Yet a governing class, planted by Henry II, was striking root in English soil and drawing nourishment and inspiration from English feelings. It was reinforced by John's loss of Normandy, which compelled bi-national barons who held lands in both countries to choose between their French and English sovereigns; and those who preferred England became more English than they had been before. The French invasion of England, which followed John's repudiation of the charter, widened the cleavage; and there was something national, if little that was English, in the government of Hubert de Burgh, and still more in the naval victory which Hubert and the men of the Cinque Ports won over the French in the Straits of Dover in 1217. But not a vestige of national feeling animated Henry III; and for twenty-five wearisome years after he had attained his majority he strove to govern England by means of alien relatives and dependents.

The opposition offered by the great council was baronial rather than national; the revolt in which it ended was a revolt of the half-breeds rather than a revolt of the English; and the government they established in 1258 was merely a legalized form of baronial anarchy. But there was this difference between the anarchy of Stephen's reign and that of Henry III's: now, when the foreigners fell out, the English began to come by their own. A sort of "young England" party fell foul of both the barons and the king; Simon de Montfort detached himself from the baronial brethren with whom he had acted, and boldly placed himself at the head of a movement for securing England for the English. He summoned representatives from cities and boroughs to sit side by side with greater and lesser barons in the great council of the realm, which now became an English parliament; and for the first time since the Norman Conquest men of the subject race were called up to deliberate on national affairs. It does not matter whether this was the stroke of a statesman's genius or the lucky improvisation of a party- leader. Simon fell, but his work remained; Prince Edward, who copied his tactics at Evesham, copied his politics in 1275 and afterwards at Westminster; and under the first sovereign since the Norman Conquest who bore an English name, the English people received their national livery and the seisin of their inheritance.

CHAPTER III

EMERGENCE OF THE ENGLISH PEOPLE

1272-1485

In 1265, simultaneously with the appearance of English townsfolk in parliament, an official document couched in the English tongue appeared like a first peak above the subsiding flood of foreign language. When, three generations back, Abbot Samson had preached English sermons, they were noted as exceptions; but now the vernacular language of the subject race was forcing its way into higher circles, and even into literary use. The upper classes were learning English, and those whose normal tongue was English were thrusting themselves into, or at any rate upon the notice of, the higher strata of society.

The two normal ranks of feudal society had in England naturally been French lords and English tillers of the soil; but commerce had never accommodated itself to this agricultural system, and the growth of trade, of towns, of other forms of wealth than land, tended concurrently to break down French and feudal domination. A large number of towns had been granted, or rather sold, charters by Richard I and John, not because those monarchs were interested in municipal development, but because they wanted money, and in their rights of jurisdiction over towns on the royal domain they possessed a ready marketable commodity. The body which had the means to pay the king's price was generally the local merchant guild; and while these transactions developed local government, they did not necessarily promote popular self-government, because the merchant guild was a wealthy oligarchical body, and it might exercise the jurisdiction it had bought from the king in quite as narrow and harsh a spirit as he had done. The consequent quarrels between town oligarchies and town democracies do not, however, justify the common assumption that there had once been an era of municipal democracy which gradually gave way to oligarchy and corruption. Nevertheless, these local bodies were English, and legally their members had been villeins; and their experience in local government prepared them for admittance to that share in national government which the development of taxation made almost necessary.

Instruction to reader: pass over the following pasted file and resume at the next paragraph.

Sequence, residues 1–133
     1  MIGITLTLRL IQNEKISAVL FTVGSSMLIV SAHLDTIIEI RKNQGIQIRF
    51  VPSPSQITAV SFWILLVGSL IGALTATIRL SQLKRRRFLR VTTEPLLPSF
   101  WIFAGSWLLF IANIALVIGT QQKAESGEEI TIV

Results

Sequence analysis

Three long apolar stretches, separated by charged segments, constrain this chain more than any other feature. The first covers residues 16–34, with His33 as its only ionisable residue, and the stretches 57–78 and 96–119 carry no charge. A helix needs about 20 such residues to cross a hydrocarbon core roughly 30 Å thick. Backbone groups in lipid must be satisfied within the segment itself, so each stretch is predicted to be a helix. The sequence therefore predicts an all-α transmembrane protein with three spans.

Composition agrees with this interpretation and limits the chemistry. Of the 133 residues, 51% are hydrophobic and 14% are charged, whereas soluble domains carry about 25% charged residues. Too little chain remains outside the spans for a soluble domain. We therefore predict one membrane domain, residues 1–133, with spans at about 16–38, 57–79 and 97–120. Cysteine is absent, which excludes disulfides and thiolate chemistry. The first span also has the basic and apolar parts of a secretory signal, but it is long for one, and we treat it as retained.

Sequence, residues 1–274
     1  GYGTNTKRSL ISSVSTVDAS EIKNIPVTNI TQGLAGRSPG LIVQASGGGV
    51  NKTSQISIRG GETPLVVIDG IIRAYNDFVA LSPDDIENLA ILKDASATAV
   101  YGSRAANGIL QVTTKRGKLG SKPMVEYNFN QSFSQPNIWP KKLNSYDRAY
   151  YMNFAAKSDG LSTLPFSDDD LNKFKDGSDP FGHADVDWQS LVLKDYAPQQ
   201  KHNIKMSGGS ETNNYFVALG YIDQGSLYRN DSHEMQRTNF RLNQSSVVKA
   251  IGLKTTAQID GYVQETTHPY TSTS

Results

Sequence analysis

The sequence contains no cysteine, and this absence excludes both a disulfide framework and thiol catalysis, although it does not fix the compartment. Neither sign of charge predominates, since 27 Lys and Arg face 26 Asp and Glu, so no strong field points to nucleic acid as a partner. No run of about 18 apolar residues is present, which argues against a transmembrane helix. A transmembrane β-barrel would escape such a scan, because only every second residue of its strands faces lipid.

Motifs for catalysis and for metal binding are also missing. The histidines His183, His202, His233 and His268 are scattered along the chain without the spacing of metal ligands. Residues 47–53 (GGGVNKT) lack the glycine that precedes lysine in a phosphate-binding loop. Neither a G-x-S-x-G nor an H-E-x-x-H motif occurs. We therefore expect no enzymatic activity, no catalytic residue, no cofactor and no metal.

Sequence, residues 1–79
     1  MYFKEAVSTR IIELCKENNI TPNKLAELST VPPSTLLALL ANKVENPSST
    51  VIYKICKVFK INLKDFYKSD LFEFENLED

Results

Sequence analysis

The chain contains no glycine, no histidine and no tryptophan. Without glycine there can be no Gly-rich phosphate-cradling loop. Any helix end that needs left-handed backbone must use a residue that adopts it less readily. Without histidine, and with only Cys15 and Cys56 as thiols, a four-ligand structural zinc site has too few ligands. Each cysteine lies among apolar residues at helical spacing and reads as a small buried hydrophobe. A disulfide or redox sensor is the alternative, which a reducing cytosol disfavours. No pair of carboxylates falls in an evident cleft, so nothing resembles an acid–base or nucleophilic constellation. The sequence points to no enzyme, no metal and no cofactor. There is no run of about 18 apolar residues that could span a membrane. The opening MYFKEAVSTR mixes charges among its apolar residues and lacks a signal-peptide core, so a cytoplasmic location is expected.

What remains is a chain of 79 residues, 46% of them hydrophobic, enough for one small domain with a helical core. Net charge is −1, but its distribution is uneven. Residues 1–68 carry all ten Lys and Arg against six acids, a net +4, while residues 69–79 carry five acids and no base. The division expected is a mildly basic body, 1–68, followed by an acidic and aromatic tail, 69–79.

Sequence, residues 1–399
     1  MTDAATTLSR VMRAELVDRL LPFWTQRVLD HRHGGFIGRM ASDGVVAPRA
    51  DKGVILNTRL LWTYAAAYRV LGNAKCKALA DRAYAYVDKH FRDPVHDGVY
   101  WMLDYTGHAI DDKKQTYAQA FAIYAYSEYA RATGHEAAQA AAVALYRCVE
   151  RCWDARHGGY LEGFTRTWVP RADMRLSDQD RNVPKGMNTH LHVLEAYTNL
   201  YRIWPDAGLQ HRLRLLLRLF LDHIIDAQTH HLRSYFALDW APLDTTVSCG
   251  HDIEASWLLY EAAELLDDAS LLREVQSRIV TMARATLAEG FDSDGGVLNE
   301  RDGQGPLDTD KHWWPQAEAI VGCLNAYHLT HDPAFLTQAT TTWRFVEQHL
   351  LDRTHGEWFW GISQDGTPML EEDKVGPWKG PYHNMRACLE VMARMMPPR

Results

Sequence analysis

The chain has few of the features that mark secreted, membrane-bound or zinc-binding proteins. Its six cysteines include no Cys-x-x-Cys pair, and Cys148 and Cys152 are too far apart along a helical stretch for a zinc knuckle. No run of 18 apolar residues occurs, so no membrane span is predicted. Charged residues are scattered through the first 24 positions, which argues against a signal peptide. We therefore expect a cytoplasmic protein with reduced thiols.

Henry II's scheme of active and comprehensive administration, indeed, led by a natural sequence to the parliament of Edward I and further. The more a government tries to do, the more taxation it must impose; and the broadening of the basis of taxation led gradually to the broadening of the basis of representation, for taxation is the mother of representation. So long as real property only--that is to say, the ownership of land--was taxed, the great council contained only the great landowners. But Henry II had found it necessary to tax personalty as well, both clerical and lay, and so by slow steps his successors in the thirteenth century were driven to admit payers of taxes on personalty to the great council. This representative system must not be regarded as a concession to a popular demand for national self- government. When in 1791 a beneficent British parliament granted a popular assembly to the French Canadians, they looked askance and muttered, "_C'est une machine anglaise pour nous taxer_"; and Edward I's people would have been justified in entertaining the suspicion that it was their money he wanted, not their advice, and still less their control. He wished taxes to be voted in the royal palace at Westminster, just as Henry I had insisted upon bishops being elected in the royal chapel. In the royal presence burgesses and knights of the shire would be more liberal with their constituents' money than those constituents would be with their own when there were neighbours to encourage resistance to a merely distant terror.

The representation people had enjoyed in the shire and hundred moots had been a boon, not because it enabled a few privileged persons to attend, but because by their attendance the mass were enabled to stay away. If the lord or his steward would go in person, his attendance